Monday, August 15, 2011


Board member from 2003-2009
Committee Service:
Guild Government Review
Probable Cause
Interactive Media
New Technology
New York Vice Chair of the 2009 Commercials Negotiating Committee
New York Chair of the National Agent Relations Committee.

To My Brothers and Sisters in SAG and AFTRA:
I’m writing this open letter to all those concerned with the pending election for the New York Board of Directors of Screen Actors Guild. I would like to ask for your support for the ONE.STRONG.UNION. candidates, and explain why I support them.

In the recent past, those of us who represented New York and the Branches fought a brutal battle with Hollywood leadership. Outnumbered and outvoted, we tried to save our contracts and our relationship with our agents, rather than succumb to the arrogance of those who suggested in the board room that SAG was better off negotiating alone, better off not giving an inch. We even had to fight with our executive director, who opposed our efforts to restore SAG to sane and sensible governance. We may not have won every one of those battles in the boardroom,  but we fought courageously as USAN. There was a common enemy, and we bonded together. Now, many of those same USAN people who did the heavy lifting, who were in the trenches for that critical fight, are supporting ONE.STRONG.UNION. I’m one of them.

So who are these candidates? Half are incumbents, previously a part of USAN. The other half are an impressive group of performers new to candidacy for the Board of Directors. All of these candidates, experienced and new, are working actors, filled with enthusiasm for merger and ideas for guiding our new union into a better future. The ONE.STRONG.UNION. candidates are bright people whose ideas deserve a hearing. We are faced with challenges that have stymied the union in the past - most important of which is the creation and passage of an intelligent merger plan that will benefit all of SAG and AFTRA's members.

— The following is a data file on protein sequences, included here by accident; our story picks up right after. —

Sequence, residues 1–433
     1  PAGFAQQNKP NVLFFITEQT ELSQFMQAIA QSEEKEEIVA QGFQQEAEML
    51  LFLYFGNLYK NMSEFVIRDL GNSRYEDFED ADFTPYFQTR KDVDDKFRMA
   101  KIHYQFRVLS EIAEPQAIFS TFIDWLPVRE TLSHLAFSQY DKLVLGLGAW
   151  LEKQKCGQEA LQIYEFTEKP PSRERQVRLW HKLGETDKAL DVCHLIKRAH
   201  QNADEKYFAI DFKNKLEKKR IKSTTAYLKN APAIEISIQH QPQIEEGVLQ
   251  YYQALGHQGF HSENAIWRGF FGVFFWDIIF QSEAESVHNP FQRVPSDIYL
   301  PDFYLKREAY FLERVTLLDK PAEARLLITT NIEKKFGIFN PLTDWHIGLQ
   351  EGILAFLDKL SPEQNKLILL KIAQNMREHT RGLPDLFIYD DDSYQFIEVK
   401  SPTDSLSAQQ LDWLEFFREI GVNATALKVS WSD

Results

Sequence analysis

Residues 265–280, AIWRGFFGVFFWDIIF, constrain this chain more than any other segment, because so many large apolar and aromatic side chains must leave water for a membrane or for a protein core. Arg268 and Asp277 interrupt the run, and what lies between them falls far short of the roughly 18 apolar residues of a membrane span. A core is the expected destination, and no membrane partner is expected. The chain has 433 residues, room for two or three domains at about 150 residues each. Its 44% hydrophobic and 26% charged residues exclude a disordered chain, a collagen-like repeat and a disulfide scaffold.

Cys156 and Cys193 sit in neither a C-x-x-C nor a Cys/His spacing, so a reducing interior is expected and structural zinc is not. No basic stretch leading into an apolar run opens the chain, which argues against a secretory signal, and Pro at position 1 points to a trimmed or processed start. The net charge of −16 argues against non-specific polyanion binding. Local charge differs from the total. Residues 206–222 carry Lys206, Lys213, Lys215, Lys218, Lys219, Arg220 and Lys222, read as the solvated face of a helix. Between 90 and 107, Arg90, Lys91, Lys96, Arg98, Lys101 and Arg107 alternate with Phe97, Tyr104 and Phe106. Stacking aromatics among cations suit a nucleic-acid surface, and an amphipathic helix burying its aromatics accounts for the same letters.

A letter has been circulated, written by a former member of the New York Board of Directors of SAG, suggesting that an election challenge to USAN undermines the goal of uniting with AFTRA. To quote from this letter, “This unity and these goals are now being threatened in New York City.” I disagree with that assessment. How can electing a smart, savvy, extremely pro-merger group of candidates to the NY Board threaten the merger?

But merger isn't our only concern. We need to keep our eye on other areas, as well. For instance, what can be done about the erosion of the commercial market by non-union production? What about New Media? Are you satisfied with the way things are? I’m not. Read the ONE.STRONG.UNION. candidate statements and visit their website: Find out who they are, and what they plan to do.

The new leadership will also discuss what happens to our pension and health plans. There will be a point where the present Trustees will no longer have standing. New Trustees will have to be appointed by our elected leaders. A new organization is being created, and the individuals who will sit on the board will have tasks as difficult as any that have faced the union since its founding more than three quarters of a century ago.

Some have asked, why is this happening now? Why are you trying to change the Board at this critical moment? We must do this now, because IT IS A CRITICAL MOMENT! A new union is about to be formed. The window of opportunity to shape it is occurring, right now. We must have the best and the brightest people in the room when these decisions are made. We must have members who are engaged, concerned, and interested in the outcome. The ONE.STRONG.UNION. candidates are those people. That's why I support O.S.U.

Board service is one of the most challenging things a member can do. It requires energy, intelligence, enthusiasm, and courage. It must not be subject to tenure or entitlement. And the membership has the right and responsibility to choose who should sit on their board.

Please join me in supporting the candidates of ONE.STRONG.UNION. They are the people you want sitting at the table, making the decisions that affect your livelihood.

Thank you,
Ralph Byers